Paul A GOSHEN, etc., Plaintiff-Appellant, v. The MUTUAL LIFE INSURANCE COMPANY OF NEW YORK, et al., Defendants-Respondents.
Sara M. DeFilippo, et al., Plaintiffs-Respondents, v. The Mutual Life Insurance Company of New York, Defendant-Appellant, MONY Life Insurance Company of America, Defendant.
Order, Supreme Court, New York County (Beatrice Shainswit, J.), entered on or about August 21, 2000, which, inter alia, severed and dismissed the claim of Paul Goshen and substituted Sara M. DeFilippo and Stephen M. DePhilippo as named plaintiffs and class representatives, unanimously affirmed, without costs. Order, same court and Justice, entered October 20, 2000, which denied defendants' motion to strike plaintiffs' demand for a jury trial, unanimously reversed, on the law, without costs, and the motion granted.
This class action was brought by a number of purchasers of defendants' “vanishing premium” life insurance policies, alleging that defendants violated General Business Law (GBL) § 349(h) by marketing these policies based upon knowingly unrealistic dividend projections. This case was the companion appeal to Gaidon v. Guardian Life Ins. Co. of Am., 94 N.Y.2d 330, 704 N.Y.S.2d 177, 725 N.E.2d 598, and a detailed recitation of the facts is set forth in that decision. In Gaidon, the Court of Appeals determined that a question of fact was presented as to whether reasonable consumers would be misled in a material way by the Goshen defendants' actions, as contemplated by GBL § 349 (Gaidon, supra, at 345, 704 N.Y.S.2d 177, 725 N.E.2d 598), and it remanded Goshen “for further proceedings consistent with [the] opinion” (id. at 350, 704 N.Y.S.2d 177, 725 N.E.2d 598). However, the court specifically stated that “the propriety of the class certification [in Goshen ] is not before us on this appeal” (id. at 341, n. 8, 704 N.Y.S.2d 177, 725 N.E.2d 598).
At issue in the first of these consolidated appeals is the narrow question of whether the claim brought by Paul Goshen, a Florida resident who bought his policy in Florida (from a Florida based insurance agent) was properly severed and dismissed after the case was remanded, on the ground that non-New York consumers who entered into transactions outside the State cannot bring actions pursuant to GBL § 349(h). As to this issue, we affirm the motion court's determination that Mr. Goshen has failed to state a cause of action under GBL § 349, the New York Consumer Protection statute.
GBL § 349 prohibits “[d]eceptive acts or practices in the conduct of any business, trade or commerce or in the furnishing of any service in the state ․”, and under § 349(h) a private right of action may be brought by “any person who has been injured by reason of any violation of this section” (emphases supplied). Applying this language, we recognize the settled rule of statutory interpretation, that unless expressly stated otherwise, “no legislation is presumed to be intended to operate outside the territorial jurisdiction of the state ․ enacting it” (73 Am.Jur.2d Statutes § 359 at 492; see also, McKinney's Cons. Laws of N.Y., Book 1, Statutes § 149 at 305 [“every statute in general terms is construed as having no extraterritorial effect”]; see generally, Morgan v. Bisorni, 100 A.D.2d 956, 956-957, 475 N.Y.S.2d 98).
In conformity with these general principles, courts have held that to maintain a private right of action under GBL § 349(h), a plaintiff must allege deceptive acts or practices which took place in New York State (Weaver v. Chrysler Corp., 172 F.R.D. 96, 100 [S.D.N.Y. 1997]; see, e.g., Weinberg v. Hertz, 116 A.D.2d 1, 499 N.Y.S.2d 693, affd. 69 N.Y.2d 979, 516 N.Y.S.2d 652, 509 N.E.2d 347 [certifying class of individuals who returned rented cars in New York State] ).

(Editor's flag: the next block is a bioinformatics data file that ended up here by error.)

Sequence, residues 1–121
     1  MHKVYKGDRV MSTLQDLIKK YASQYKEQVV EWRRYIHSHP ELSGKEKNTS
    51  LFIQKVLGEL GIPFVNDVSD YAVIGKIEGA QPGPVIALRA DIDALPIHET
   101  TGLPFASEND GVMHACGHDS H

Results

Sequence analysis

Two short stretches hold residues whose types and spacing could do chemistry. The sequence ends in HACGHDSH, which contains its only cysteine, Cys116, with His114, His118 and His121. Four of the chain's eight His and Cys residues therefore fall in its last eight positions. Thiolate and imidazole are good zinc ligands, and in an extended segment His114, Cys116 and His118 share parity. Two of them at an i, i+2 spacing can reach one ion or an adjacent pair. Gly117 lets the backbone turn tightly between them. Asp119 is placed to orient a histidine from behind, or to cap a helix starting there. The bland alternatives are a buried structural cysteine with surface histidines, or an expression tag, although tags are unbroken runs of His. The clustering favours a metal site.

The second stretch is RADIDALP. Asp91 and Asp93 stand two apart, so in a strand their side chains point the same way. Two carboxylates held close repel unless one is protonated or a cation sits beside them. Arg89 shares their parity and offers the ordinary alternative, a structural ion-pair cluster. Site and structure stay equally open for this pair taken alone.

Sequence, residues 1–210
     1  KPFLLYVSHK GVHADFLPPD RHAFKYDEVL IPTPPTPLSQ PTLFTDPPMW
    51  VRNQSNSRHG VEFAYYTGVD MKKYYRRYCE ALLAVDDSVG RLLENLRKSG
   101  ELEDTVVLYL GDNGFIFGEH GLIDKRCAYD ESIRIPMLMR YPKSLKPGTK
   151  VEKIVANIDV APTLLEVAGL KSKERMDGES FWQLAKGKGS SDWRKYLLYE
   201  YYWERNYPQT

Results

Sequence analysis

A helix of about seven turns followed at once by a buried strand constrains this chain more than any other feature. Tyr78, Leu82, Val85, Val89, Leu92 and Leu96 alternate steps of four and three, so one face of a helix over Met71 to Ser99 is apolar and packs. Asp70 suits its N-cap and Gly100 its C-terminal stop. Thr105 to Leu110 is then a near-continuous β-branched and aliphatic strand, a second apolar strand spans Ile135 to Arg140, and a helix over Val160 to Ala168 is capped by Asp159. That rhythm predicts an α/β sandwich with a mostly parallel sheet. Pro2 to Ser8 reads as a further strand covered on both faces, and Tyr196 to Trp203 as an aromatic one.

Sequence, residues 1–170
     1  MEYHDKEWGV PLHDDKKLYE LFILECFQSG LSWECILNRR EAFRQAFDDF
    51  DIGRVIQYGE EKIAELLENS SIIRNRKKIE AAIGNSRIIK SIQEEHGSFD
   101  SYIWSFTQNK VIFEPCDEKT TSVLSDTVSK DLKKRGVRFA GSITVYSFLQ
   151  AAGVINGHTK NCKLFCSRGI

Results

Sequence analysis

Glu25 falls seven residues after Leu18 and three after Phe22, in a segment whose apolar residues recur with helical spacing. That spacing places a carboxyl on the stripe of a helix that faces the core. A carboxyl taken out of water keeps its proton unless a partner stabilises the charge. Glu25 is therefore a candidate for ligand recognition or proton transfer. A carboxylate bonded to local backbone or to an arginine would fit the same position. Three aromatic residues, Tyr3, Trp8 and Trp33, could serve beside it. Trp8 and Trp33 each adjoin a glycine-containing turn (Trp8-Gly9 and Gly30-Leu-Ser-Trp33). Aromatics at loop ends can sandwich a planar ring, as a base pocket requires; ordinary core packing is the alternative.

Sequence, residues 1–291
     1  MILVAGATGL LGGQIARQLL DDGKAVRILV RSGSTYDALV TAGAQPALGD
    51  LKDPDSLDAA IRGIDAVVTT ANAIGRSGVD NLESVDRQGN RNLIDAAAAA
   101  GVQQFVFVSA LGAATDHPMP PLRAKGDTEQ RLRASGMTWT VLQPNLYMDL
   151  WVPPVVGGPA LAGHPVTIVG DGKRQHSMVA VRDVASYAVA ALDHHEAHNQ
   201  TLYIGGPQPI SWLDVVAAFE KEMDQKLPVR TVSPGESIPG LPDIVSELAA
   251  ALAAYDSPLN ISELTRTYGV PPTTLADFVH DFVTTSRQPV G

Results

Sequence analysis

Thus, here, as in Cole v. Equitable Life Assur. Socy. of the United States, 271 A.D.2d 271, 707 N.Y.S.2d 56, the protections of GBL § 349(h) are unavailable to Mr. Goshen, a Florida resident who purchased a “vanishing premium” insurance policy from a Florida insurance agent in Tampa, Florida (see, id., at 272, 707 N.Y.S.2d 56; cf., Meachum v. Outdoor World Corp., 235 A.D.2d 462, 463, 652 N.Y.S.2d 749 [GBL § 349(h) claim viable where “defendants engaged in deceptive conduct in New York by mailing misleading literature to New York residents in an attempt to induce them to travel to the defendants' facilities in Pennsylvania”]; Morelli v. Weider Nutrition Group, Inc., 275 A.D.2d 607, 608, 712 N.Y.S.2d 551 [GBL § 349 “afford[s] consumers within [the state's] borders a statutory remedy for injuries caused by knowingly misleading and deceptive business practices”] ).
However, we reverse the second order appealed, which denied defendants' motion to strike plaintiffs' demand for a jury trial. The complaint in this action joined both legal and equitable claims, including, inter alia, rescission, restitution, reformation of the class members' insurance policies, and a class-wide mandatory injunction requiring defendants to keep plaintiffs' insurance policies in force without the payment of further premiums. Because the relief sought is primarily equitable, not incidental to legal claims for money damages, plaintiffs have waived the right to a jury trial (see, Greenfield v. Philles Record, 243 A.D.2d 353, 674 N.Y.S.2d 1; Daley v. Related Cos., 213 A.D.2d 205, 623 N.Y.S.2d 248). Further, notwithstanding the fact that the Court of Appeals dismissed all of plaintiffs' claims except their allegation that defendants' violated GBL § 349, plaintiffs have nonetheless irrevocably waived their right to a jury trial (see, Zimmer-Masiello v. Zimmer, Inc., 164 A.D.2d 845, 846-47, 559 N.Y.S.2d 888 [“Once the right to a jury trial has been intentionally lost by joining legal and equitable claims, any subsequent dismissal, settlement, or withdrawal of the equitable claim(s) will not revive the right to trial by jury”] ).